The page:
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Benefits of Pilates During Pregnancy
Pilates and Back Pain
Pilates for Men - Why Pilates Is Good Fitness Training for Men
Benefits Of Pilates During Pregnancy
Pilates is a gentle low impact form of exercise and as such it is considered one of the best forms of exercise for a pregnant woman. And because pilates helps maintain and improve the condition of both your abdominal and pelvic floor muscles, it is not only a safe form of exercise while pregnant, it can be hugely beneficial too. Many women first attend Pilates classes during pregnancy or in post natal recovery. Exercises can be adapted at each stage of pregnancy to allow for gentler or more focused exercise, but should not be continued if any discomfort is experienced.
Pilates will not place strain on the joints or back. In fact the back will be strengthened as will the stomach and muscles around the pelvic area - allowing for an easier pregnancy, delivery and recovery.
Pilates In The First Trimester Of Pregnancy
In the first three months, the changing hormones in the body can make you feel exhausted and nauseous, but gentle exercise can even be done while lying in bed. Often a little exercise can actually energise the body and make you feel mentally and physically better. And the relaxation techniques will relax both body and mind.
Pilates In The Second Trimester Of Pregnancy
The second trimester is, for most woman, the easiest part of pregnancy. Although the body is changing and expanding, energy levels are generally high and this should be when the exercises should be maximised to give you every advantage for the following months.
Pilates In The Third Trimester Of Pregnancy
In the third trimester, women tend to feel heavy and uncomfortable and hormones designed to loosen the pelvic joints can cause back pain. The additional weight of the baby can throw your centre of balance, legs can become swollen and varicose veins can develop. Pilates helps all of these conditions associated with pregnancy by strengthening the central or "core" muscles which in turn leads to improved posture and circulation.
Benefits Of Pilates During Labour
The improvement in muscle tone and circulation gained through practicing pilates will also be of value during labour. An improved circulation allows an increased oxygen supply to the womb and this is less distressing for the baby. And of course the breathing techniques used in Pilates can help with the control of breathing during childbirth.
Resuming Pilates After Childbirth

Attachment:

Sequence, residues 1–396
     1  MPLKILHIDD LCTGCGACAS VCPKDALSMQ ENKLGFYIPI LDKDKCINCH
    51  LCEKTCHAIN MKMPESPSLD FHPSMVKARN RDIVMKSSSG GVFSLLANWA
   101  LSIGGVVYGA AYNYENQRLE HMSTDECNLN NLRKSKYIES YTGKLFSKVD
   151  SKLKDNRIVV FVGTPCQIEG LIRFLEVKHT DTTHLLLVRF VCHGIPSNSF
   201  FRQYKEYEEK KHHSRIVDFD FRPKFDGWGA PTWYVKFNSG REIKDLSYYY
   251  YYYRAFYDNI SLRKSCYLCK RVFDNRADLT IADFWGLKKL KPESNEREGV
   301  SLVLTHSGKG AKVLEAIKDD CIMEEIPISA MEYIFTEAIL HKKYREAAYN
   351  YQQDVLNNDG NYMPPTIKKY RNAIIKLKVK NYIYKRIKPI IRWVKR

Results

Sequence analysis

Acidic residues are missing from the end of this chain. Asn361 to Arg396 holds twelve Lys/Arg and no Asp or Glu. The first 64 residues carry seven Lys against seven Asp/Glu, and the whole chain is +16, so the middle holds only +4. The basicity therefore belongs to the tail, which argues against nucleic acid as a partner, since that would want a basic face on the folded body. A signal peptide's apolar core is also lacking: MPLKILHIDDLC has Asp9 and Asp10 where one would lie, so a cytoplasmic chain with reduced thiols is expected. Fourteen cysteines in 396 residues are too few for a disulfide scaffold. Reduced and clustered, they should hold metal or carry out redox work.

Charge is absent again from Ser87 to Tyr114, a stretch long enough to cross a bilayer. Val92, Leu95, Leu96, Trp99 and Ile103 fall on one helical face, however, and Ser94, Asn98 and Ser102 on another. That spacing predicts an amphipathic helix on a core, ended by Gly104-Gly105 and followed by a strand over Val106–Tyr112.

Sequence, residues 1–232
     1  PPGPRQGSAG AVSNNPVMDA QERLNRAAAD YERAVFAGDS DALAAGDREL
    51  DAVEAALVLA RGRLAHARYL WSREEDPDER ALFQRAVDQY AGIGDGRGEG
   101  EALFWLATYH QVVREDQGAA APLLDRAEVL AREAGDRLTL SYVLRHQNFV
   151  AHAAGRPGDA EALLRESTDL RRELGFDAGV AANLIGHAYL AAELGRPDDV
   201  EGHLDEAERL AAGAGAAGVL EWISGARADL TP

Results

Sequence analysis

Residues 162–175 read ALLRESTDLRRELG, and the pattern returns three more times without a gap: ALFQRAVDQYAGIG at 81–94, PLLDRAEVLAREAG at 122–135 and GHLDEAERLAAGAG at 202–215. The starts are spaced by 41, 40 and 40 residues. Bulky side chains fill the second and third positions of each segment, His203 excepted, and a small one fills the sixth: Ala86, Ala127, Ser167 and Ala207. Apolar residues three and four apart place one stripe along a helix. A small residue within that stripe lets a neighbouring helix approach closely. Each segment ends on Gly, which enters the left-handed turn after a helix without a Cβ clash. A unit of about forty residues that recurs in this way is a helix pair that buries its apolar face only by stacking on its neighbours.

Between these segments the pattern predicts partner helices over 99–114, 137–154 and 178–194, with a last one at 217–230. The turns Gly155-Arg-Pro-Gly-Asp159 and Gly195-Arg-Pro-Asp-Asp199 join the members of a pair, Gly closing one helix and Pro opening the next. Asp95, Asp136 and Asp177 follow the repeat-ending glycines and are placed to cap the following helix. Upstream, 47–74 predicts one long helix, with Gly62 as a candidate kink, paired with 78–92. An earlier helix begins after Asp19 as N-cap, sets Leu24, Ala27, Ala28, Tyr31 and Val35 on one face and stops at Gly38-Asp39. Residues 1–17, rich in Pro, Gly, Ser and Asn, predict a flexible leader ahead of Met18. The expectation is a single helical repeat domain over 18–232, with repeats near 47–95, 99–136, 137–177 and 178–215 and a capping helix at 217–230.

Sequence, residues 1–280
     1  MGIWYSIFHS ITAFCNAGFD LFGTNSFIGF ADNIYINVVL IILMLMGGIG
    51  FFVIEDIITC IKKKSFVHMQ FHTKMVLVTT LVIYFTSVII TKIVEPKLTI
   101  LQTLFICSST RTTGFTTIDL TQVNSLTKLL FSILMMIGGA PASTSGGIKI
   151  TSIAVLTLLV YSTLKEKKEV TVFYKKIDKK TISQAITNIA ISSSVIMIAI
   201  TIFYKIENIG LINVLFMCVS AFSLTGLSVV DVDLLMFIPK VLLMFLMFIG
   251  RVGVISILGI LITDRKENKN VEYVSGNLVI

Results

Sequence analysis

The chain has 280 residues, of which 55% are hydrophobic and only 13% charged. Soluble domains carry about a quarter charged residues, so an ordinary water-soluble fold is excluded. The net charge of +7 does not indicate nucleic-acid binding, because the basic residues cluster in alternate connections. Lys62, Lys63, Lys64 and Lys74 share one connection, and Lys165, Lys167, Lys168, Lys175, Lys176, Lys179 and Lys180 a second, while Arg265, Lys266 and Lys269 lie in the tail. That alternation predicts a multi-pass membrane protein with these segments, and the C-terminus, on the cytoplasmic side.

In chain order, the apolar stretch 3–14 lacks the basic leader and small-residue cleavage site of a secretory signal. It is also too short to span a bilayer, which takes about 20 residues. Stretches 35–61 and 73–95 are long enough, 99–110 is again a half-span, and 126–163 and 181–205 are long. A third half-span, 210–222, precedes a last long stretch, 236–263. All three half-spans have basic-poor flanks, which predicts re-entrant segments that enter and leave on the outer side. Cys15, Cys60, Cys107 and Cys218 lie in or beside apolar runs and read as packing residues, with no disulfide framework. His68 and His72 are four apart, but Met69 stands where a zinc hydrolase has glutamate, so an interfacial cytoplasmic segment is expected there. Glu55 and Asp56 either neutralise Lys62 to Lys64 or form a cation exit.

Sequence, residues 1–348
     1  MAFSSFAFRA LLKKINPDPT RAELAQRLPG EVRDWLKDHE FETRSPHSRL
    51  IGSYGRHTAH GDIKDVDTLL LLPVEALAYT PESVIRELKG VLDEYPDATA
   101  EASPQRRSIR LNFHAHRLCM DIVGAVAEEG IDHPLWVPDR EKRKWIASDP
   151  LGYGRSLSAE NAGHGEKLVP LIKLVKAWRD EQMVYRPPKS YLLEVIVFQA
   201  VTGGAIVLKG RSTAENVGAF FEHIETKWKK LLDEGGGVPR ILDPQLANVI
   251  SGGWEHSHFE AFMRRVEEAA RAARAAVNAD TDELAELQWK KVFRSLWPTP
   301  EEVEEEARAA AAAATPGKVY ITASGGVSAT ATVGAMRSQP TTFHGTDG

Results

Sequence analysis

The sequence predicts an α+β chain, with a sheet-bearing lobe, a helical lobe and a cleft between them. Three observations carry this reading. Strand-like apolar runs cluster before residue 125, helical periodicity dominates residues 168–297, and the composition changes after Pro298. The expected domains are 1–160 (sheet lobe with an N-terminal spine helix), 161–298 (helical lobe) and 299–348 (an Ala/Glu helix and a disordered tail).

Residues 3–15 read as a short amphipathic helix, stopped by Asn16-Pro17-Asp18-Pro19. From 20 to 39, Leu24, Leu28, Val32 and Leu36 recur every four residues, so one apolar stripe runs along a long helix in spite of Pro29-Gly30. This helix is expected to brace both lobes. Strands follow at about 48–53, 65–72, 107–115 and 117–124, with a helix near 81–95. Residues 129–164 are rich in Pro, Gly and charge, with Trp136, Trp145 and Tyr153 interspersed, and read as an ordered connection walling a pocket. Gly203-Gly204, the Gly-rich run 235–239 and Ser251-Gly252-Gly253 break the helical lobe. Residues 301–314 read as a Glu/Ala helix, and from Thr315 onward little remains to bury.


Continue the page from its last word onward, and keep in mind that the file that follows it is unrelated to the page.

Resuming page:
Women can generally return to Pilates four to six weeks after delivery, or eight to twelve weeks after a Caesarean section. Your doctor will advise you on when your body is ready.
Pilates will help your body regain its shape and tone and restrengthen muscles that have been weakened during your pregnancy. Exercises can be adapted to individual
Pilates and Back Pain
Pilates exercises are commonplace at physical therapy centres, chiropractors are recommending Pilates, and "My back used to hurt all the time and now I don't feel it anymore" is a phrase we hear a lot from people who do Pilates consistently. So what is it about Pilates that works so well for back pain relief?
What makes Pilates so effective is that it addresses the underlying structural imbalances in the body that lead to back pain. Issues like lack of core support, pelvic instability, muscular imbalances, poor posture, and lack of body awareness all effect back health. They are also issues that the Pilates method specializes in helping people improve.
Pilates Helps Correct Posture
In Pilates, we pay a lot of attention to how our body parts are lined up in relation to each other, which is our alignment. We usually think of our alignment as our posture, but good posture is a dynamic process, dependent on the body's ability to align its parts to respond to varying demands effectively. When alignment is off, uneven stresses on the skeleton, especially the spine are the result. Pilates exercises, done with attention to alignment, create uniform muscle use and development, allowing movement to flow through the body in a natural way.
For example, one of the most common postural imbalances that people have is the tendency to either tuck or tilt the pelvis. Both positions create weaknesses on one side of the body and overly tight areas on the other. They deny the spine the support of its natural curves and create a domino effect of aches and pains all the way up the spine and into the neck. Doing Pilates increases the awareness of the proper placement of the spine and pelvis, and creates the inner strength to support the natural curves of the spine. This is called having a neutral spine and it has been the key to better backs for many people.
Pilates Develops Core Strength
Good posture that goes beyond the "look" of being aligned requires core strength. Having core strength means that all of the muscles of the trunk of your body are strong, flexible, and working together to support and stabilize the spine.